James: Good morning everyone. Welcome to today's webinar, “10 components of a highly effective lab safety program”. My name is James and I'll be your moderator for today's event.
Before we dive into the presentation, I'd like to give you a brief overview on this webinar – what it entails; what we'll do throughout the next hour and walk through some housekeeping items as well.
We'll kick things off with our slide show addressing the critical components of a lab safety program and how to be more effective when planning your program in the adoption stage.
Some of you may have attended our safety culture webinar back in November where we emphasized the importance of behaviour base safety and how to move from a dependent to an inter-dependent safety culture.
Our speaker today will focus more on the procedures, the rules and the written policies around that safety in order to reduce risk and injury rates.
Following the presentation there will be an open Q&A period. You can ask questions anytime, which is encouraged by typing them into the questions pane on the right hand side of your screen.
Please note that everyone's microphone will be turned off over the entirety of the webinar. But if you have a question or a technical issue comes up, once again you may use the questions pane to communicate.
By the way, please keep in mind you will receive a copy of the slide deck and the webinar recording tomorrow. All of the materials that are presented today will be in your inbox tomorrow.
I'm pleased to introduce Dr. James Kaufman, President and CEO of the Laboratory Safety Institute. Dr. Kaufman has retired from his position as Professor of Chemistry at Kerry College. Prior to Kerry, he was a Research Chemist at Dow Chemical. While there, he became increasingly involved in Lab Safety Activities and authored laboratory safety guidelines which has become the world's most widely distributed lab safety publication.
And so with that, I will turn the floor over to Jim. Hey, Jim!
Jimmy: Good morning, good morning everyone. Thanks for joining us. It's really a pleasure to be here and I'm awfully grateful to Triumvirate for the invitation and the opportunity. I have a special affection for Triumvirate because when I was teaching at Curry College one of my students, a Bill McBurney, a chemistry major was one of the three founders of Triumvirate.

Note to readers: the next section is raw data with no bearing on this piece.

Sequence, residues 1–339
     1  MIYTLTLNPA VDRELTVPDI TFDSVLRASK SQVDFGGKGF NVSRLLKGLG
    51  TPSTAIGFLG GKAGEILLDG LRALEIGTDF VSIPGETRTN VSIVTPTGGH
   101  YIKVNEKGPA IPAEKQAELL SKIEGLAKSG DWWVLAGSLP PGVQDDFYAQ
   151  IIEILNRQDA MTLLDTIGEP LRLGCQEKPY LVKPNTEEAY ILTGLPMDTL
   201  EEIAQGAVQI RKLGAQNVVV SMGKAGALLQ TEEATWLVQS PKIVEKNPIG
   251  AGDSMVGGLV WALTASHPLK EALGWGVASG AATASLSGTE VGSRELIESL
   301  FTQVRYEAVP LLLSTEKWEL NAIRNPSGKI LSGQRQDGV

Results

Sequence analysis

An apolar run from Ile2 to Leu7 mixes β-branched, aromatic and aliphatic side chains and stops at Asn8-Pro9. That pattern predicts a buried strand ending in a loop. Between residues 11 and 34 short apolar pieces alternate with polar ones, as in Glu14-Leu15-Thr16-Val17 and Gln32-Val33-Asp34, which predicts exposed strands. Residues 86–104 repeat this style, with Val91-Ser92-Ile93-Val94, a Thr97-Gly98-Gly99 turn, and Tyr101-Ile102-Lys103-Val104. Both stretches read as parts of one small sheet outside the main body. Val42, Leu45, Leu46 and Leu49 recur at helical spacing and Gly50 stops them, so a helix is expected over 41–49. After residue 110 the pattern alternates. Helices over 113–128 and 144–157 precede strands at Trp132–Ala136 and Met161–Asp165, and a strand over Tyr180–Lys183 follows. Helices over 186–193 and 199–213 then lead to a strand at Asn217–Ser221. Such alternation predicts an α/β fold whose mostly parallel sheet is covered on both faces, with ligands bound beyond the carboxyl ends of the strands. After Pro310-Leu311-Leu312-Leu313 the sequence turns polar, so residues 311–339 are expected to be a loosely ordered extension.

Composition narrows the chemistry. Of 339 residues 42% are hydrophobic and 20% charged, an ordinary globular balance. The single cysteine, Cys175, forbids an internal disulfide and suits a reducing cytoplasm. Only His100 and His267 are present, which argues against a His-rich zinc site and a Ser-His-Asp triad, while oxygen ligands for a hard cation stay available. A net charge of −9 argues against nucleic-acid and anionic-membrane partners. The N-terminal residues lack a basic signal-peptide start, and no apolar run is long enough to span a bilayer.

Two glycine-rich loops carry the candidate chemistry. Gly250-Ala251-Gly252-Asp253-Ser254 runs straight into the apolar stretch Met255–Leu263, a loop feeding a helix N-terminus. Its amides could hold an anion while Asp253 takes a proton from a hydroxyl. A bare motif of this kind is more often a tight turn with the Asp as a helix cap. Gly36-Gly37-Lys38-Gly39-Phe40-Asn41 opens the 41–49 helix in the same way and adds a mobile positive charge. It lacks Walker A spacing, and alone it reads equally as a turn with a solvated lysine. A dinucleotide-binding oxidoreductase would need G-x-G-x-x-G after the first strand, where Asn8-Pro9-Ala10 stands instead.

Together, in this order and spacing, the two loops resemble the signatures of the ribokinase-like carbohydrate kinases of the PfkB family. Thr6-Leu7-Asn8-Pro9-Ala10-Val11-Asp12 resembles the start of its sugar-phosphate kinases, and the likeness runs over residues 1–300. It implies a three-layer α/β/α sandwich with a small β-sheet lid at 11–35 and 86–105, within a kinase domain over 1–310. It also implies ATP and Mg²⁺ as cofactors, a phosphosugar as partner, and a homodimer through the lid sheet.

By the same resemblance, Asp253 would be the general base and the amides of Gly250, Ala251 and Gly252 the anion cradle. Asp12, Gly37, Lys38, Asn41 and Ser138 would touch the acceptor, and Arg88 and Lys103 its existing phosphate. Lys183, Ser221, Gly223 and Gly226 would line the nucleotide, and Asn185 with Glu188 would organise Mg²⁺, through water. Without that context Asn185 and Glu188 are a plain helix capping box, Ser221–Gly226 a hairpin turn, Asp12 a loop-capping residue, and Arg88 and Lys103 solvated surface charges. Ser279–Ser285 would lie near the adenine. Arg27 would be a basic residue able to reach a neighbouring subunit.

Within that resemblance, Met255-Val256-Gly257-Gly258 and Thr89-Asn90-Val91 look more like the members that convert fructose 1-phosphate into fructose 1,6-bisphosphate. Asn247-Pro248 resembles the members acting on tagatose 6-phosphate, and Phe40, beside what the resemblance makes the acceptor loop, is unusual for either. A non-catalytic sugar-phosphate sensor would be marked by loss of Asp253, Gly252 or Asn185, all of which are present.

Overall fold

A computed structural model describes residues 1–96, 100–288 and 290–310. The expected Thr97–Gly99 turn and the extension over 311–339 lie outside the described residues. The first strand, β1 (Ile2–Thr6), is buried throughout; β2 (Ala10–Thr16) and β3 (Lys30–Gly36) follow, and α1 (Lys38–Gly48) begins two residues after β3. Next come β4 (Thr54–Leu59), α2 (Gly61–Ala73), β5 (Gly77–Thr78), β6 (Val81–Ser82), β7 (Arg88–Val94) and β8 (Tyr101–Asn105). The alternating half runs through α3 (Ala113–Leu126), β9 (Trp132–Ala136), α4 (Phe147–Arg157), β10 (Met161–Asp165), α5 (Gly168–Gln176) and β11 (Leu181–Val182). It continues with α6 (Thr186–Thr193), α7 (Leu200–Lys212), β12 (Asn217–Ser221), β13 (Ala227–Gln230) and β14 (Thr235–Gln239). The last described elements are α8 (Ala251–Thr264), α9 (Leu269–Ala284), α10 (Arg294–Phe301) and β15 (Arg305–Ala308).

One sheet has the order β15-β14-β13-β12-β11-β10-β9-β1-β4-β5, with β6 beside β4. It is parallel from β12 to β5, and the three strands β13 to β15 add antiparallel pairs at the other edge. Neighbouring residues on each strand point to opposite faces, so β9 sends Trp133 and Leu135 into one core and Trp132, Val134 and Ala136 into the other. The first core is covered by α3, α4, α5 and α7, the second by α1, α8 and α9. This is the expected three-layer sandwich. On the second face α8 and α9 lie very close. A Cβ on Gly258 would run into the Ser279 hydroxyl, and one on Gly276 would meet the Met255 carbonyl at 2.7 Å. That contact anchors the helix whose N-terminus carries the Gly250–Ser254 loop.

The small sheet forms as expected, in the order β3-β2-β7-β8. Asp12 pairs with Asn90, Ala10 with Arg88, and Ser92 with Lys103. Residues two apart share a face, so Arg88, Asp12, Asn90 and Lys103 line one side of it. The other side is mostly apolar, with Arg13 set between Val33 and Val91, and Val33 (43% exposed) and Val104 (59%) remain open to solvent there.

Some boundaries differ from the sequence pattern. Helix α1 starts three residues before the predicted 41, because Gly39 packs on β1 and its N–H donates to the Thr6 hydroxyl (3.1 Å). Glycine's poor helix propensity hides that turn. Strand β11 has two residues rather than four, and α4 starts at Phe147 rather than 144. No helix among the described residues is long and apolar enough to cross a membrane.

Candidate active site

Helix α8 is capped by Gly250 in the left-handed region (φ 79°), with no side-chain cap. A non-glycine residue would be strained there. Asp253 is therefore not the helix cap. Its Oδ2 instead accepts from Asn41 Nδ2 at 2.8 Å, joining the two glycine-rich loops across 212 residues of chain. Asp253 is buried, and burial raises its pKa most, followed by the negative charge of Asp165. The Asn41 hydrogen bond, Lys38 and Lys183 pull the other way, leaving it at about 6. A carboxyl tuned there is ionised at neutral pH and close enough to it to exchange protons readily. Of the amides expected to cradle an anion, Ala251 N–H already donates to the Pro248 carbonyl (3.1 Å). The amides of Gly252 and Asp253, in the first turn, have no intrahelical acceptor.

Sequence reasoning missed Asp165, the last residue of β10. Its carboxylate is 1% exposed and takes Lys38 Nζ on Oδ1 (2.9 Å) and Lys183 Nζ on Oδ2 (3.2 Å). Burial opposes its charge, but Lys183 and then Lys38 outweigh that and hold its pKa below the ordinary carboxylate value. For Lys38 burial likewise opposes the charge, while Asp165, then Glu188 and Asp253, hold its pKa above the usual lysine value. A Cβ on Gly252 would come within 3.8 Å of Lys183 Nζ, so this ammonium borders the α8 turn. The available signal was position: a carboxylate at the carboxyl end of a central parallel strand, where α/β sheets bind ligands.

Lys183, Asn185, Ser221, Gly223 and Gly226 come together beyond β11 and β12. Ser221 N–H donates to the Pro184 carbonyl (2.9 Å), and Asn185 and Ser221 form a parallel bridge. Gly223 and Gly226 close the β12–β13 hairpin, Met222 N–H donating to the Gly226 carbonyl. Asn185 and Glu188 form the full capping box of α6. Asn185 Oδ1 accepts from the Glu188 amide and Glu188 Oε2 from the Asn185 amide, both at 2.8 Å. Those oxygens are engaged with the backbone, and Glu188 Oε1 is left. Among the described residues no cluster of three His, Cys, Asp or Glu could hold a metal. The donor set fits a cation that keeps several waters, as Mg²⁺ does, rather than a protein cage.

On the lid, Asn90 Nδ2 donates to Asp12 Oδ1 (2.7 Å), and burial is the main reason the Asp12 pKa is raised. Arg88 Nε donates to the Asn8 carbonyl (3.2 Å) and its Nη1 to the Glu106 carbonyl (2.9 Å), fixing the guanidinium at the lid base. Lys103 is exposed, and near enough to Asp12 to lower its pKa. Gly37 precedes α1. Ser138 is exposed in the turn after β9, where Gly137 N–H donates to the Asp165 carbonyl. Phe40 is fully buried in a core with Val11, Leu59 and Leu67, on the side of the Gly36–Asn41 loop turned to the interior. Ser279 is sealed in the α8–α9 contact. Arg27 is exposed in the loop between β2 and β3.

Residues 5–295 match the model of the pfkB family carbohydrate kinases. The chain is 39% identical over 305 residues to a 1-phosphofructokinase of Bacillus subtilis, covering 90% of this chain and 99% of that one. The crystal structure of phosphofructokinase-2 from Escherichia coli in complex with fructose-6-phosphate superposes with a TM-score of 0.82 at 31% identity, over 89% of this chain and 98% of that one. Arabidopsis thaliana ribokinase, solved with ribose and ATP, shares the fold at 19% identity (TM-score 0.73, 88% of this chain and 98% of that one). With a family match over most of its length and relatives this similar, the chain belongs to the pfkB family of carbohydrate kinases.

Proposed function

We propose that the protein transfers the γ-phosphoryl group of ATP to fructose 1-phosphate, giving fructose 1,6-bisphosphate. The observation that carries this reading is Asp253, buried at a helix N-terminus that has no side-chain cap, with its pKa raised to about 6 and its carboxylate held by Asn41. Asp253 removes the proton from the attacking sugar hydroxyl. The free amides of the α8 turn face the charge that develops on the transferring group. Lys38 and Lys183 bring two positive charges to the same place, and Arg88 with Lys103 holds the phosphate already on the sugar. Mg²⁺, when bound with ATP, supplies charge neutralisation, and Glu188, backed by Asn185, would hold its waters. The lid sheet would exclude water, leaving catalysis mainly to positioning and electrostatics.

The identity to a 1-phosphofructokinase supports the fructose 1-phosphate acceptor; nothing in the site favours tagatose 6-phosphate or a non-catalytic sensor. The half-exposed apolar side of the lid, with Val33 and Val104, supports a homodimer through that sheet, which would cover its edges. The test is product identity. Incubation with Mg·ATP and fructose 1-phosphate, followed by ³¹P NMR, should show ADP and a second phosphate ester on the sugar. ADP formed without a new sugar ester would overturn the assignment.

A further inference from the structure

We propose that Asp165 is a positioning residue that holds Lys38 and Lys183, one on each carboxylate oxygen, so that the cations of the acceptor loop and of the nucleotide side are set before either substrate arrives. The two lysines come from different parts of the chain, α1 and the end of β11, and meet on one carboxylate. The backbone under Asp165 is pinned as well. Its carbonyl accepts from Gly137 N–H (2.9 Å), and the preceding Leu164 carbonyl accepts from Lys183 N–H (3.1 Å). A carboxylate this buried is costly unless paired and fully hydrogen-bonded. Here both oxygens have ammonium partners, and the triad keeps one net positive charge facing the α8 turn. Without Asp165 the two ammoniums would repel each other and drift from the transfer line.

While I was at Kerry, I started this organization, the Laboratory Safety Institute. It's a non-profit for safety and Science and Science Education. And for the last 40 years, we've been working with schools and colleges and industry throughout the world, 150 different kinds of labs in 30 countries to provide advice and courses and help educate people to make Labs safer.
So let's begin by talking about the concept of a safety program. I had a colleague call me one day and say, “We have a safety program, Jim. We do a briefing for our students before each lab and at the start of the semester.” And I said, “That's one component in a safety program.”
There is a whole collection of activities, functions and practices that need to be part of your program that help to address the particular health and safety needs that you have at your place.
But what are those components look like? Here's our checklist, 33 components. We've got this checklist. It’s two pages and anybody who'd like to a copy of it, we're happy to send you a copy of it. It can be used either qualitatively or quantitatively to assess your program. We use it when we're doing program audits.
If you'd like to use it qualitatively, just think about each of the components and then put a checkmark in the column that makes sense to you. “Is it okay? Does it need additional work or does not exist?” And that's one indication; you really want to try to get more checkmarks in the okay column.
If you want to do it semi-quantitatively, add up how many you've got in each column and then get more on to the okays and fewer in the do not exist. And if you'd like a score out of a hundred give yourself three points for everything that's okay, zero to three if it needs additional work, and zero if it doesn't exist.
And since there are 33 components, 33 times 3 is 99 and I'll give you a bonus point for the courage for doing this thing numerically. That's your score of a hundred.
We also have some other scoring systems that we use and we have criteria available for each of these components.
So let's take a look and look at the concept of improving your lag safety program. You know, whether you're starting from scratch or you have a highly developed and effective program the idea is to go from good to better to best and to keep on improving no matter how good you get because you always want to make it better.
I had the opportunity over the holidays. I was in Germany and I visited BASF in Ludwigshafen. And I receive a copy of a program that they called LIEN. And one of their principles in their LIEN concept is continuous improvement. No matter how good you are, you want to continue to try to make it better.